Meet Dr. Paul Minnis. He earned his PhD at the University of Michigan in 1981 and holds the title of Professor Emeritus of Anthropology at the University of Oklahoma in Norman. During his career he has authored, co-authored, or edited at least 12 books in addition to having written numerous journal articles and book chapters. Now retired and living in Tucson, Arizona, he speaks at professional conferences and in more informal presentations to the general public on topics such as prehispanic trade and cultural networks; and how ancient farming practices can enhance our modern world's food supply.
I have been remiss in not disclosing that our group dined - and well - while in Mexico. No photos were taken of the excellent seafood restaurant our guide Luis introduced us to in Janos; but we had a more traditional lunch experience in a small hotel in Mata Ortiz that had little trouble in providing our group of 16 gabachos with a classic lunch of chiles rellenos, tacos, and much, much more. (h/t Marcia Corl for the dining photo up there on the left; webmaster focused instead on the chile ristras along the garden portal.)
Day 3: May 4, 2018. We arrived in Paquimé. The site's thick adobe walls may be slowly dissolving back into the earth, but it remains an awe-inspiring sight to look out over Paquimé's grand plaza, its ceremonial structures, and its residential areas comprising some 1700 rooms.
The second half of Day 2, May 3, 2018, comprised a tour of the area's historic structures, including a charming 1930s-era church in Juan Mata Ortiz.
In stark contrast to the small, well-tended church and grounds in Mata Ortiz, were the ruins of Hacienda San Diego, one of the mansions belonging to the early 20th-Century cattle baron Luis Terrazas. During the First Gilded Age, Luis Terrazas amassed a combined total of 7 million acres of ranch land, over 500,000 head of cattle, and a few hundred thousand head of horses, mules, and sheep. He was reputed at the time to be the largest individual land owner in the Americas. During the Mexican Revolution of 1916, Pancho Villa used his position as provisional governor to confiscate Terrazas's land and slaughter all the livestock to feed the revolutionary army.
(This is an avocational archaeological website, so I will not personally comment upon the politics of the Terrazas-Villa era. I will leave it up to discerning websurfers to determine for themselves whether or not certain remarks are factually attributable to Luis Terrazas, such as, "Chihuahua comprises the largest part of my ranch," and "I am not from Chihuahua. Chihuahua is mine.")
Marcia Corl, an archaeology enthusiast from Las Cruces, joined us on our international field trip to Paquimé. In today's post please enjoy some of her portraits of the people living and working in the ceramics center of Juan Mata Ortiz. All photos you see in this post are Marcia Corl's, EXCEPT this large one over here on the right. Marcia says that this particular one is a photo she took of another photo that she saw hanging in one of the Mata Ortiz galleries we visited. Marcia says that this is a portrait of Juan Quezada himself, shown firing Mata Ortiz ceramics the Old Skool way - using a flaming pile of wood and cow pies. However, an image of Juan Quezada seems to be an apt introduction to the rest of Marcia's own photos of the artisans and residents of his home town. (As always, hover on a photo for a caption; and click on any photo to enlarge.)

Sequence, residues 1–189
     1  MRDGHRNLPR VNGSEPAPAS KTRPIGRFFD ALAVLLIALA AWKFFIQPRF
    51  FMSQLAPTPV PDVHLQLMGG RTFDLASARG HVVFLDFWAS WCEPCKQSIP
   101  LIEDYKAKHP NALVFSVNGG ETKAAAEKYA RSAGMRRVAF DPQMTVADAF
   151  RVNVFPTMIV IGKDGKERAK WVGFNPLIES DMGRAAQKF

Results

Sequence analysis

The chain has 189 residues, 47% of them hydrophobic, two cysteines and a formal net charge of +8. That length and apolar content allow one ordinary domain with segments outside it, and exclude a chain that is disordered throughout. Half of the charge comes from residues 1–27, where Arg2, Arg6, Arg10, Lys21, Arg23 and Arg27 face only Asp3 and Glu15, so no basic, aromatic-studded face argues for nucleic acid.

"I had no idea what to expect when I learned I was able to go with this bright and energetic group to Mata Ortiz and Paquimé. I had told myself that I was not going to spend any money on pots (which I had very little room for in my house), but the trip was going to be a learning experience anyway. Never had seen Paquimé either. We saved the second day of the trip for the Mata Ortiz visit. I expected to drive up to some sort of Plaza where we would find everyone with their wares, but our first stop was at a little adobe house, where I thought Luis (our guide) maybe had some personal business, until we were all escorted into the private house of a potter. The whole bus was going in! She had 3 walls of the small front room lined in shelves of pottery, all hand thrown, and some hand painted with a single-hair brush. The prices were on tape written in dollars below the beautiful objects, ranging from 5 dollars to 200 dollars. The table she was to demonstrate the fine painting was on the 4th wall. We all watched with bated breath while she marked the finely decorated white clay pot with a repeat pattern of burnt orange paint between the tiny black design already there.